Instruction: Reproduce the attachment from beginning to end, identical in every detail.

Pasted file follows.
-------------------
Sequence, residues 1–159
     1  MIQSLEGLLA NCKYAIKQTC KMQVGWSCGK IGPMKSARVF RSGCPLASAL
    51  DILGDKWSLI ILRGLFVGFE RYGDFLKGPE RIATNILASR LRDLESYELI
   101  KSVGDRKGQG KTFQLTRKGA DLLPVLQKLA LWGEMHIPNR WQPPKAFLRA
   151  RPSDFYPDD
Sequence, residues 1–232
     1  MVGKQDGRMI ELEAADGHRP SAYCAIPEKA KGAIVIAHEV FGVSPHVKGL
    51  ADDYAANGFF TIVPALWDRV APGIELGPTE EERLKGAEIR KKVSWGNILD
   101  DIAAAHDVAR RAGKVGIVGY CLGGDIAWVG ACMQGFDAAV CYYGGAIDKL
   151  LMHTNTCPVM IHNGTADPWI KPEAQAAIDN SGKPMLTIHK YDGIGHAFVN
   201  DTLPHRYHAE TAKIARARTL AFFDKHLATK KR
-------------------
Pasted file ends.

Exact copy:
Sequence, residues 1–159
     1  MIQSLEGLLA NCKYAIKQTC KMQVGWSCGK IGPMKSARVF RSGCPLASAL
    51  DILGDKWSLI ILRGLFVGFE RYGDFLKGPE RIATNILASR LRDLESYELI
   101  KSVGDRKGQG KTFQLTRKGA DLLPVLQKLA LWGEMHIPNR WQPPKAFLRA
   151  RPSDFYPDD
Sequence, residues 1–232
     1  MVGKQDGRMI ELEAADGHRP SAYCAIPEKA KGAIVIAHEV FGVSPHVKGL
    51  ADDYAANGFF TIVPALWDRV APGIELGPTE EERLKGAEIR KKVSWGNILD
   101  DIAAAHDVAR RAGKVGIVGY CLGGDIAWVG ACMQGFDAAV CYYGGAIDKL
   151  LMHTNTCPVM IHNGTADPWI KPEAQAAIDN SGKPMLTIHK YDGIGHAFVN
   201  DTLPHRYHAE TAKIARARTL AFFDKHLATK KR